PSP 789-001 - Logics of "The People"
This graduate seminar will bring psychoanalytic theory to bear on contemporary political theories that are grappling with the current and often troubling phenomenon known as populism. At the heart of the debates is a question of whether the formation of a unified people is an achievement or a problem. To the extent that populism is an outgrowth of—or perhaps parasitic on—democracy where “we the people” are to rule ourselves, the problem of what “the people” means and how it is constructed (and what it abjects) is central to all democratic theory and practice. It’s a problem that shows up in debates about identity, about coalitional work, and about efforts that try to bypass governmental institutions and those that try to harness them. In other words, the problem is unavoidable.
This seminar will draw on psychoanalysis to understand the deep anxieties that give rise to populisms’ we/they and friend/enemy distinctions. Where the discursive approach developed by Ernesto Laclau largely champions these distinctions and the left-wing populisms of Latin America that model them, many contemporary critical theorists are alarmed by their authoritarian tendencies. Laclau himself drew on Lacan to develop his concept of populist reason and he saw the need for a leader who could embody the will of the people; but he thought that so long as “the people” was constructed broadly and inclusively and represented by someone who spoke for them (or it), the result could be democratic. But this intuition has not been borne out. Other psychoanalytic approaches, beginning with Freud’s essay on group psychology and continuing through Kleinian and Lacanian theory, warn against investing so much in the ideal leader/ego ideal.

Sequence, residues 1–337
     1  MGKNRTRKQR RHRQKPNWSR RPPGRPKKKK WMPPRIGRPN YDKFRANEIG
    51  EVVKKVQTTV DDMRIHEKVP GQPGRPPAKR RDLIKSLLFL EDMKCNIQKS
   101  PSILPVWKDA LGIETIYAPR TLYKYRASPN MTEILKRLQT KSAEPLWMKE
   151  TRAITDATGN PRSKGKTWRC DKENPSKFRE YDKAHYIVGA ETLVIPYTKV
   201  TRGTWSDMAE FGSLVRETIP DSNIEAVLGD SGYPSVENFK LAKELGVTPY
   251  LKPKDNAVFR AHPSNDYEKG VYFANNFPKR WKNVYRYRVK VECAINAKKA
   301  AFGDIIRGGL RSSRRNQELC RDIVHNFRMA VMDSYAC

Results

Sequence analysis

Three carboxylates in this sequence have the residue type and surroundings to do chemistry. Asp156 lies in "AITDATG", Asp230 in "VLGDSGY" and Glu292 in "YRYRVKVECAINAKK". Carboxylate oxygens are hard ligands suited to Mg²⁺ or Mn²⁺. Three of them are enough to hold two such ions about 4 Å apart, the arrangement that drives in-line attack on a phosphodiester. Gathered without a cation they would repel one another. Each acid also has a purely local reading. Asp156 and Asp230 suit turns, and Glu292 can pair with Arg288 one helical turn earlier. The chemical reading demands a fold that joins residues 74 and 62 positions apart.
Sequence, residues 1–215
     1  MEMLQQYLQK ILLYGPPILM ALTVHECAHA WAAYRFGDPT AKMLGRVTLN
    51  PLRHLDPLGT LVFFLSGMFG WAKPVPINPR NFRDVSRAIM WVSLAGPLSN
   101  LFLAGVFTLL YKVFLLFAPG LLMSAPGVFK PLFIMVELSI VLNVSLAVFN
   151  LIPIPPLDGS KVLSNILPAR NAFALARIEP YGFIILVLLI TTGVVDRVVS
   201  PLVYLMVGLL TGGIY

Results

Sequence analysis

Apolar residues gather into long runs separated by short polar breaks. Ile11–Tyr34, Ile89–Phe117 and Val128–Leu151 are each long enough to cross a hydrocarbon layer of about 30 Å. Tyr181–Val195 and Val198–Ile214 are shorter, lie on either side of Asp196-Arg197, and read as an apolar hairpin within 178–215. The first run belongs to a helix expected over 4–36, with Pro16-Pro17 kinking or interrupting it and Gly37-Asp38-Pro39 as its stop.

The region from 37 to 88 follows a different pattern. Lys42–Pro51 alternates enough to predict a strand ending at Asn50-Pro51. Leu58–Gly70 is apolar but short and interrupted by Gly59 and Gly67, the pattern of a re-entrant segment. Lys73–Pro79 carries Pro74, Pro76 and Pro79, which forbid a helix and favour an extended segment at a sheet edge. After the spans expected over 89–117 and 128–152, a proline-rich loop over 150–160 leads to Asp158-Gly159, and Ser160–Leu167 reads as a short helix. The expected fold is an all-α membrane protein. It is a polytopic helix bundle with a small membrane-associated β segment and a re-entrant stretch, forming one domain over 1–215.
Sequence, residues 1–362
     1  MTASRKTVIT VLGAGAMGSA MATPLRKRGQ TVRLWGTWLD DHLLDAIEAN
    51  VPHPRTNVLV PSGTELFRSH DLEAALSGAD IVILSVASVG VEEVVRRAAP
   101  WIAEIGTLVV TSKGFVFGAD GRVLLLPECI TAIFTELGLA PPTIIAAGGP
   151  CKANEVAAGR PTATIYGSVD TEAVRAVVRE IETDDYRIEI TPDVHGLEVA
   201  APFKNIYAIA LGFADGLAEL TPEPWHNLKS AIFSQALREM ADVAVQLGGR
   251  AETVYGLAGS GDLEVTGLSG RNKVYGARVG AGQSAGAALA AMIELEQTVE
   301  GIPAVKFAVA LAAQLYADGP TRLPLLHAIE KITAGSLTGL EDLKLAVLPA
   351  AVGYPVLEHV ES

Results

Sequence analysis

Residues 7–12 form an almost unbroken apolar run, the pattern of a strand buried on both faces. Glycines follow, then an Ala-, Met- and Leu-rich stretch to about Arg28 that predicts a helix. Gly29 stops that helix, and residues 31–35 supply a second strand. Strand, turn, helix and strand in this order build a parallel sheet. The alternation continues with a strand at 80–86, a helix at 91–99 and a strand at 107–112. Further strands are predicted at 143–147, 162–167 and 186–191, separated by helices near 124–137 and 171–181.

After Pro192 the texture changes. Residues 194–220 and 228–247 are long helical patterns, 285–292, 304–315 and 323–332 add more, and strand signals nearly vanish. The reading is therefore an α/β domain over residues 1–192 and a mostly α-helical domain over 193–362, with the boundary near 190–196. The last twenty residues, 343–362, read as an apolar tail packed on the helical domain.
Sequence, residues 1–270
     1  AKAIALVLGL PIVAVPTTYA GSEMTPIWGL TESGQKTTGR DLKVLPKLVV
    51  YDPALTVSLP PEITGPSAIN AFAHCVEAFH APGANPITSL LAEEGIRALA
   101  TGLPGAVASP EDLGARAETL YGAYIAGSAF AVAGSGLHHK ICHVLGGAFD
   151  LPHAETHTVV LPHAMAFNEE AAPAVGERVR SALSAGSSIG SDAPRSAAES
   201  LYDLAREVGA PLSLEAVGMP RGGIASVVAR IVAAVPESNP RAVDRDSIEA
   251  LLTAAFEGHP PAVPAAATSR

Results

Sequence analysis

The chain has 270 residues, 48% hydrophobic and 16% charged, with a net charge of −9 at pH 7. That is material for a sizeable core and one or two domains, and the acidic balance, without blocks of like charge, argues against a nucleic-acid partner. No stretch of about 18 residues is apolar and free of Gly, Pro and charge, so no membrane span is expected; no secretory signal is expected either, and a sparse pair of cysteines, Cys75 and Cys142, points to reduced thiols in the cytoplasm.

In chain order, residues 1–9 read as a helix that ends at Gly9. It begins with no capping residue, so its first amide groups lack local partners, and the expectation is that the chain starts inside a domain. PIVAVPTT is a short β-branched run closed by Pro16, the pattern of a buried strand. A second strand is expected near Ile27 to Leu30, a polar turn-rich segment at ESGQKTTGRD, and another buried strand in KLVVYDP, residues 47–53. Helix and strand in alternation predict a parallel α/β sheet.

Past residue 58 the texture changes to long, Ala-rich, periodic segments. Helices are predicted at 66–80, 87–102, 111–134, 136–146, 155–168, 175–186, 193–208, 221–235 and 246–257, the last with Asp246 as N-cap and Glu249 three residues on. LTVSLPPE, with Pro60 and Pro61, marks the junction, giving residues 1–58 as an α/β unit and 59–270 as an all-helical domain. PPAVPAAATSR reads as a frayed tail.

Course requirements: seminar attendance and participation; occasional presentations; final seminar paper.
Carlos de la Torre, ed., Routledge Handbook of Global Populism. Routledge, 2019.
Ernesto Laclau, On Populist Reason. London: Verso, 2007.
Cas Mudde and Cristóbal Rovira Kaltwasser, Populism: A Very Short Introduction. Oxford, 2017.
Jan-Werner Müller. What Is Populism? University of Pennsylvania Press, 2016.
Jacques Rancière. Hatred of Democracy. Verso, 2006.
Nadia Urbinati. Me The People: How Populism Transforms Democracy. Harvard, 2019.
Readings by Sigmund Freud, Wilfred Bion, Fred Alford, Vamik Volkan, Chantal Mouffe, Andrew Arato, Jean Cohen, and others will be available electronically.